Feeling hot, hot, hot – heat stress prevention

Jun 29, 2011

Feeling hot, hot, hot - heat stress preventionIt’s in the forecast: this summer will be a hot one! That’s good news for vacationers, a warning bell for those who will be working through the heat. What better time to develop a workplace heat stress prevention plan? We’ve gathered together some helpful info and tips to get you started, and also spoke with John Oudyk, a heat stress consultant with the Occupational Health Clinics for Ontario Workers (OHCOW), to get the latest news on heat safety. Read this and you’ll be armed with all the info you need to take the next step in keeping this summer safe and healthy for everyone on your crew.

So what is heat stress? It’s a condition that can take many forms, depending on the severity of external and internal factors and of course the condition of the individual. A worker expending large amounts of physical energy in a hot and humid environment, without regular rest or water breaks, may eventually experience heat exhaustion, fainting, heat stroke or heart attack. Long-term, this can lead to reproductive problems, heart and lung strain and other complications, and may even result in death. Professions that often face the threat of heat stress include firefighters wearing heavy protective clothing and equipment in blazing temperatures, outdoor workers working in direct sunlight for extended periods, foundry workers, miners using hot equipment and surrounded by hot rock, as well as bakers lifting and mixing around hot ovens.

Watch for these five symptoms of heat stress:

  1. Heat rash
  2. Syncope or fainting
  3. Heat cramps – muscle spasms in stomach, legs, arms. Remedy: cool down, drink water or electrolyte sports drinks, massage and stretch.
  4. Heat exhaustion – resembles shock (feeling of faintness/nauseated, low blood pressure, skin may be hot and red, victim may have a fever).
  5. Heat stroke – brain cannot regulate the body’s temperature and stops sweating. Body over heats, victim experiences mental confusion and needs immediate medical attention.

If you are aware of these warning signs, heat stress can be prevented. While acclimatization is one solution, it takes seven to 14 days of continuous exposure to heat for the body to adjust to high temperatures. Because extended periods of extreme temperatures are so brief in Ontario, workers don’t have enough time to acclimatize. So instead, workplaces need to proactively prevent heat stress.

The best approach to eliminating heat stress is to prevent the warning signs from happening at all. There are lots of ways workplaces can take measures to ensure their staff is healthy and safe from heat stress, including:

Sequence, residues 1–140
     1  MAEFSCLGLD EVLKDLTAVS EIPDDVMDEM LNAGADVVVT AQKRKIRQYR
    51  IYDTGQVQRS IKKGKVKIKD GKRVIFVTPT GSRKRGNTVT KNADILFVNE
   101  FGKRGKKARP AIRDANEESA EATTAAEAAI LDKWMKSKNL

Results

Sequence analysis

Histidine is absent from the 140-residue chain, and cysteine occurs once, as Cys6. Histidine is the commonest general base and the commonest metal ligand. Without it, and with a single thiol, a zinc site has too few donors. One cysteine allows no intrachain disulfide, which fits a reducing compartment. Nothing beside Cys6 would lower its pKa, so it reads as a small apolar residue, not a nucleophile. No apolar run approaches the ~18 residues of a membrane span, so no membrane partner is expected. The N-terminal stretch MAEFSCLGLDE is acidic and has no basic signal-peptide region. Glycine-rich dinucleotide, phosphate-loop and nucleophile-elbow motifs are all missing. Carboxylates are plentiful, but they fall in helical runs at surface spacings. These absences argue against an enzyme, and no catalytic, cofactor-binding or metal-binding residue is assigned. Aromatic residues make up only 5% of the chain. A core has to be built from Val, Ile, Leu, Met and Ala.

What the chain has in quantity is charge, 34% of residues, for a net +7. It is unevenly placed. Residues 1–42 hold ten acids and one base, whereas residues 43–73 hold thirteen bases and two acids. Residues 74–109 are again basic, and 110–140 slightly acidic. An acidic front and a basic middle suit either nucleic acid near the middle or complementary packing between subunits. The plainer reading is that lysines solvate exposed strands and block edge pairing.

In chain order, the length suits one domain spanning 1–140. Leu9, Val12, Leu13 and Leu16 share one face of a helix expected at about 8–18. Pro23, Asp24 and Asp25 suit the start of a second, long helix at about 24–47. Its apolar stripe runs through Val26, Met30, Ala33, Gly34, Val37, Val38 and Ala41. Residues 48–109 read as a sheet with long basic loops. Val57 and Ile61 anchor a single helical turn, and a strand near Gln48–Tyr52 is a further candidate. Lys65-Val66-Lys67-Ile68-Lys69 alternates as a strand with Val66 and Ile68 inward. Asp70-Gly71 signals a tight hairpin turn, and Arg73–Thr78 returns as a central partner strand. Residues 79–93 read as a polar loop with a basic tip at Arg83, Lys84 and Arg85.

• Develop, communicate and implement a heat stress plan for all workers. As important as it is to prevent heat stress from happening, it is also important to have a first-aid response system and trained first-aid providers in place in the event it does occur. As well, mechanisms and policies for the recording and reporting of incidents should be developed and made available.
  • Reduce the temperature and humidity through air cooling
  • Provide air-conditioned rest areas or put up shade barriers to block sun heat
  • Increase the frequency and length of rest breaks
  • Provide cool drinking water near workers and remind them to drink a cup every 20 minutes or so.

Oudyk recommends five steps to making your workplace heat stress free:

  1. Provide training on heat stress awareness and prevention
  2. Consider the type of clothing employees wear and if adjustments can be made in hot weather
  3. Set up a thermometer and humidity meter
  4. Measure and monitor the Wet Bulb Globe Temperature (WBGT)
  5. Adjust for radiant heat which intensifies body heat.

Oudyk says the most important way to prevent heat stress is through the evaporation of sweat. Sweating is how the body cools itself but it can be tricky because when the body drips sweat, it’s not as efficient in cooling through evaporation. So the key is to maintain muscular work at a rate where sweat just evaporates, which can mean taking breaks to cool the muscles. Certain types of clothing and fans can also help maximize sweat evaporation.

As for drinking water, Oudyk advises not to wait until you’re thirsty because by that point you’re already dehydrated. Workers should drink water on a regular basis, often more than they expect, even if they don’t feel thirsty.

So who is more prone to heat stress? According to Oudyk, the common assumption is people with lots of risk factors are going to succumb first. In fact, it is usually young males, the least suspected, who end up ignoring their body’s signals. Workers need to listen to their own bodies and take precautions, in addition to the employers’ responsibilities to maintain optimal conditions.

Oudyk says it’s usually the first heat wave of the year that hits the hardest. After long, cold winters, the first heat of the season is a shock to the body as it struggles to balance its internal temperature. Oudyk, who has advocated for heat stress prevention for over 20 years, says that heat stress is often underreported in Ontario. Incidents are blamed on the weather, not the workplace. Organizational first aid reports during initial heat waves often show a more accurate picture, with considerable increases in first aid visits.

The member health and safety associations of Health & Safety Ontario provide resources and training to help clients maintain healthy, safe workplace environments. To find out how you can beat the heat and prevent heat stress, visit the Heat Stress topic page, where you will find information, training, products and free downloads.

WSPS resources include:

External resources include: